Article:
Reprieve for protesters who blocked Sydney traffic
Greg Rolles wondered how walking on a road landed him behind the bars of a Sydney jail cell.
"I want to use the word sad, but it's deeper than that, it's depressing," he told AAP.
Rolles and his 75-year-old cellmate Elizabeth Hartrick were arrested in June 2020 for blocking Sydney traffic as part of a climate protest and spent three days in prison.
A year later, a court has overturned Rolles' $1500 fine and ordered him to be on good behaviour for two years.
"However firmly you hold these views, you're building up a record where the courts might soon consider jail time," District Court Judge John North told him in an appeal hearing on Tuesday.
"We have to operate within the legislature. Others vehemently disagree, but there's nothing much I can do about it."
With a litany of protesting offences already under his belt, Rolles said he's prepared to do whatever it takes.
"I don't want to go to jail, that'd be horrible," he said outside court.
"But people are dying, civil disobedience is all we have left, some of us have to do what is considered more extreme actions but what's more extreme is the climate crisis we're facing, so if I have to I will."
The 40-year-old former teacher was also arrested in 2021 for hoisting himself up a tree above a coal train in the NSW Hunter region, leading to a four-hour operational shutdown.
The judge said significant emergency resources were halted and put the offence at the medium range of seriousness.
While on bail he was forbidden from talking to fellow protesters, using encrypted applications including WhatsApp and was subject to police searches on his devices.
Rolles also had to stop volunteering with a women's refuge group in Kabul which communicated entirely through encrypted messages for safety.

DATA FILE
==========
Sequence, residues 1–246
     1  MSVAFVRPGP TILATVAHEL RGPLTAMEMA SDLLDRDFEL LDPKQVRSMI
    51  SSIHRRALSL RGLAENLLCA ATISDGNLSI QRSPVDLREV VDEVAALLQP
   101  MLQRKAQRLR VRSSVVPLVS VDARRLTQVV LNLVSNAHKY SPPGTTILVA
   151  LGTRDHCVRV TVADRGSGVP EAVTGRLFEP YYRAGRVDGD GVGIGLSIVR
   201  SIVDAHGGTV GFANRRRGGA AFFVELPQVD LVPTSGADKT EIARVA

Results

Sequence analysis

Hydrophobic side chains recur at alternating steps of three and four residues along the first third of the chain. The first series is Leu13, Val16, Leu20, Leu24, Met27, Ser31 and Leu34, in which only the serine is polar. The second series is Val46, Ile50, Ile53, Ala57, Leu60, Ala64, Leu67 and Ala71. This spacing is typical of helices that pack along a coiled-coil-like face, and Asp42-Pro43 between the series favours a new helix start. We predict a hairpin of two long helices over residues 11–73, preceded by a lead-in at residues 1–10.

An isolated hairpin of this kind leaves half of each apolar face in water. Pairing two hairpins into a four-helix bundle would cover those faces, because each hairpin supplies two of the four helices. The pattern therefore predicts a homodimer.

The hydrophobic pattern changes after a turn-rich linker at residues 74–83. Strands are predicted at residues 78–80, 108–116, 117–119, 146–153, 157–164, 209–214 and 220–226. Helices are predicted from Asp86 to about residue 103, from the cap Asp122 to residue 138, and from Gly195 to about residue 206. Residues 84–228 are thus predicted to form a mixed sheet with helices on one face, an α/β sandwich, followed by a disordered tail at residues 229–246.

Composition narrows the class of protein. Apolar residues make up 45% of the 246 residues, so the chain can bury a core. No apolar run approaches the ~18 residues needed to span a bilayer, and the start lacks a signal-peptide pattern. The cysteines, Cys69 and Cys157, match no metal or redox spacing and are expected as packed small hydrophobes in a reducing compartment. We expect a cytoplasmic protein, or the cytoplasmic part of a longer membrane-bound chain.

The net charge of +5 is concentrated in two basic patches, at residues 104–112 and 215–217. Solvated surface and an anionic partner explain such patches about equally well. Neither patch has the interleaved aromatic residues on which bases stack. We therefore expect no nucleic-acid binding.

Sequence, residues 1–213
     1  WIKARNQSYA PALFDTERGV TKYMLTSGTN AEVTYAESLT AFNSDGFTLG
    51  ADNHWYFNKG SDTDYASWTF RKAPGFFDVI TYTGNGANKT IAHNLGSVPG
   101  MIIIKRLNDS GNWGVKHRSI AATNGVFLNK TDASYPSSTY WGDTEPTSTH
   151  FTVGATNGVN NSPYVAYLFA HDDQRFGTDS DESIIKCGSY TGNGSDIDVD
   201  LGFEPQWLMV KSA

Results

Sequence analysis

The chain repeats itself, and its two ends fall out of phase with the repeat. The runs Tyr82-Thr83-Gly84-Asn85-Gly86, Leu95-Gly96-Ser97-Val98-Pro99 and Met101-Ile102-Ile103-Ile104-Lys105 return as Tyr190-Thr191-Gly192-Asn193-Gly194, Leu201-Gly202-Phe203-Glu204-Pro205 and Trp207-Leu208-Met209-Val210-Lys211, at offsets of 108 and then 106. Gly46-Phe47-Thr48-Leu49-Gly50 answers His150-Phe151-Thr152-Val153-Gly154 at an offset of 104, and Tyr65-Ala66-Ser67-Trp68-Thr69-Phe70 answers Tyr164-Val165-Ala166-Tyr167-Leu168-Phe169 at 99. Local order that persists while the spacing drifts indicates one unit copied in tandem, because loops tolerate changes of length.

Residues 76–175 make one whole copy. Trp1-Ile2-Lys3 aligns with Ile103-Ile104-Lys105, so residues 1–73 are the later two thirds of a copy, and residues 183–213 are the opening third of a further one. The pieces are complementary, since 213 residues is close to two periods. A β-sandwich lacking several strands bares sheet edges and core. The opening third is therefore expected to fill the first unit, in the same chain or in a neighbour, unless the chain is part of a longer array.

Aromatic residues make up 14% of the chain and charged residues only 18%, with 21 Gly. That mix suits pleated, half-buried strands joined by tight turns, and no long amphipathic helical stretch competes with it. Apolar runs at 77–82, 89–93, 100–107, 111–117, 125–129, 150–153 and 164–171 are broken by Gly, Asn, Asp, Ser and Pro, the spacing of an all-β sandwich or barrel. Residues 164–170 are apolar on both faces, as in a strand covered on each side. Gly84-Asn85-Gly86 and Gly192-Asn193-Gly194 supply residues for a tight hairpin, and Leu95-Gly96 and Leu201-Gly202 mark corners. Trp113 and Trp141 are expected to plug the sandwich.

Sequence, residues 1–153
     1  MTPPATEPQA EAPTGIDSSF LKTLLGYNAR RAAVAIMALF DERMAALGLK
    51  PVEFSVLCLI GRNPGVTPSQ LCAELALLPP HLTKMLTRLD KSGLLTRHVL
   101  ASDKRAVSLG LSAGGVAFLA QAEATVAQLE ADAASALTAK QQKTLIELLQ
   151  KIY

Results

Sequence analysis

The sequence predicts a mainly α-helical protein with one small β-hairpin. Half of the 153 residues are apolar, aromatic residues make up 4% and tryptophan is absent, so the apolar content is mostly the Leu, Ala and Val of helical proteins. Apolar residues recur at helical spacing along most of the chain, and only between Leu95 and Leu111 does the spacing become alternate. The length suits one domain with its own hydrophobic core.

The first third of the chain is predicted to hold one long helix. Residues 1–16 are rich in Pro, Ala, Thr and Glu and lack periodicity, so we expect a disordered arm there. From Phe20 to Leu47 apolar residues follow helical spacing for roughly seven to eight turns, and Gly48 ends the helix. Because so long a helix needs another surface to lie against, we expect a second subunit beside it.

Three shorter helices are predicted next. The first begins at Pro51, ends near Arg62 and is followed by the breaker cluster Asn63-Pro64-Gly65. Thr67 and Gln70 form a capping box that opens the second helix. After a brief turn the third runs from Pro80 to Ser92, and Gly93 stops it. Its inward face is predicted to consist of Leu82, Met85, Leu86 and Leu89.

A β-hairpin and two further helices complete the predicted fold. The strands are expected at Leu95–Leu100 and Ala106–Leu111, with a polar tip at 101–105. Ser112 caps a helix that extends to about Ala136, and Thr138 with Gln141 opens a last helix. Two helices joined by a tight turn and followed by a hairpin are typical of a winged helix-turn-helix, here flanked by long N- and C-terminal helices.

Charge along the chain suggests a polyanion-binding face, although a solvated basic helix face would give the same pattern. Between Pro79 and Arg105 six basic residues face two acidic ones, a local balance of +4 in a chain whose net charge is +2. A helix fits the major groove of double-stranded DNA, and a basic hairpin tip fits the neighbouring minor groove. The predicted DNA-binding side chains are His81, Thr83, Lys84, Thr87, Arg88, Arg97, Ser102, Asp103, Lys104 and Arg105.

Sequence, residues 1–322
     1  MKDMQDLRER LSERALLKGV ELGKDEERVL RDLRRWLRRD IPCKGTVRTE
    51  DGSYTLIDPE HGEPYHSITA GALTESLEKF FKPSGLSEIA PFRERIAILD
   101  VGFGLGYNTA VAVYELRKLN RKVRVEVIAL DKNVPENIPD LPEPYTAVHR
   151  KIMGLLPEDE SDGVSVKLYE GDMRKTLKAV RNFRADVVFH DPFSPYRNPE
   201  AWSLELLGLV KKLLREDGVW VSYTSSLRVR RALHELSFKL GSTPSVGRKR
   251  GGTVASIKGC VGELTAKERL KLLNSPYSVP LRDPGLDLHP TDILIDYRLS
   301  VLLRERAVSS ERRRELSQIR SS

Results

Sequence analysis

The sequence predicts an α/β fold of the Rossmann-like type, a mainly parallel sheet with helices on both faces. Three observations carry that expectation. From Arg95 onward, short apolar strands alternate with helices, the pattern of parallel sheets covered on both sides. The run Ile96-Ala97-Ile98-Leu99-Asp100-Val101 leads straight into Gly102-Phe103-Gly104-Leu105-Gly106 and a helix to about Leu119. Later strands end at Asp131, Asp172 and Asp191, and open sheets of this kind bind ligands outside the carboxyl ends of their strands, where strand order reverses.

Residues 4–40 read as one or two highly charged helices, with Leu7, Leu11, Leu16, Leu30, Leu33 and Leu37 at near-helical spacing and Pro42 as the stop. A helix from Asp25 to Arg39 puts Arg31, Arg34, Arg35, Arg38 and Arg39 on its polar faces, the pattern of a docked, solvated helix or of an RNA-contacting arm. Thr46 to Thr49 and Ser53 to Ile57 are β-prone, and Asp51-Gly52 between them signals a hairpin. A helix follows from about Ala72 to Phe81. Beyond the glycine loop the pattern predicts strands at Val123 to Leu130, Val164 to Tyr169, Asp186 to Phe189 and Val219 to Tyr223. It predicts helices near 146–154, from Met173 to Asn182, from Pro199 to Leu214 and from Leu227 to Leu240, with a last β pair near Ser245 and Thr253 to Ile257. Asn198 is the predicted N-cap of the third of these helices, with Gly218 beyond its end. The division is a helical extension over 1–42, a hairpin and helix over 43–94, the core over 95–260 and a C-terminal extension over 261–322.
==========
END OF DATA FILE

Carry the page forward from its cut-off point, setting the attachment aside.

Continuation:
The 40-year-old has PTSD and said he felt the bail conditions were "overly-harsh".
"Some of those people were my closest friends," he said
"It was quite isolating to not be able to talk to any of them."
Rolles has joined other activists in arguing the NSW justice system is not "keeping up with the climate crisis".
Susan Kvelde and fellow protester Dom Jacobs took the NSW government to the Supreme Court last month, challenging the tough anti-protest laws rushed through state parliament last year.
The laws were introduced by the former NSW coalition government with the support of the then Labor opposition following a series of environmental protests which disrupted Sydney traffic in 2022.
The new laws ban protesters from gathering around major facilities and train stations, and protests that block others from using those facilities.
Rolles said the laws and protesters' court experiences have not deterred them from their cause.
"We've just refocused on the task at hand, which is protecting our home from the threats of climate collapse," he said.
Dr Hartrick, a university academic who spent more than 30 hours in custody for her role in the June 2022 protest, leaves court with a clean sheet after the judge dismissed her charges.
"This is your last chance," Judge North said on Tuesday.
"(But) I appreciate the genuineness of your protesting."
While the activists have no intention of slowing, lawyers representing them from the Environmental Defenders Office said they will continue to fight their battles in court.